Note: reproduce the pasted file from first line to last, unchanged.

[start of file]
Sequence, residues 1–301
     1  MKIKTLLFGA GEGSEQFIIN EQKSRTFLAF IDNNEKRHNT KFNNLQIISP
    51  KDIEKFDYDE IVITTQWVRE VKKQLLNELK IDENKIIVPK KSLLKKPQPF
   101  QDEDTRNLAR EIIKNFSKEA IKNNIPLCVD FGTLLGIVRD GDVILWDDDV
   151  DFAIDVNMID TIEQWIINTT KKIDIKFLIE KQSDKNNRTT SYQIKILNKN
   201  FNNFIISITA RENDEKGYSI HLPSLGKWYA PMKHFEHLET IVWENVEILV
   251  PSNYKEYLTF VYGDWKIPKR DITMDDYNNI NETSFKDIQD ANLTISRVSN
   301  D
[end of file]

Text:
Sequence, residues 1–301
     1  MKIKTLLFGA GEGSEQFIIN EQKSRTFLAF IDNNEKRHNT KFNNLQIISP
    51  KDIEKFDYDE IVITTQWVRE VKKQLLNELK IDENKIIVPK KSLLKKPQPF
   101  QDEDTRNLAR EIIKNFSKEA IKNNIPLCVD FGTLLGIVRD GDVILWDDDV
   151  DFAIDVNMID TIEQWIINTT KKIDIKFLIE KQSDKNNRTT SYQIKILNKN
   201  FNNFIISITA RENDEKGYSI HLPSLGKWYA PMKHFEHLET IVWENVEILV
   251  PSNYKEYLTF VYGDWKIPKR DITMDDYNNI NETSFKDIQD ANLTISRVSN
   301  D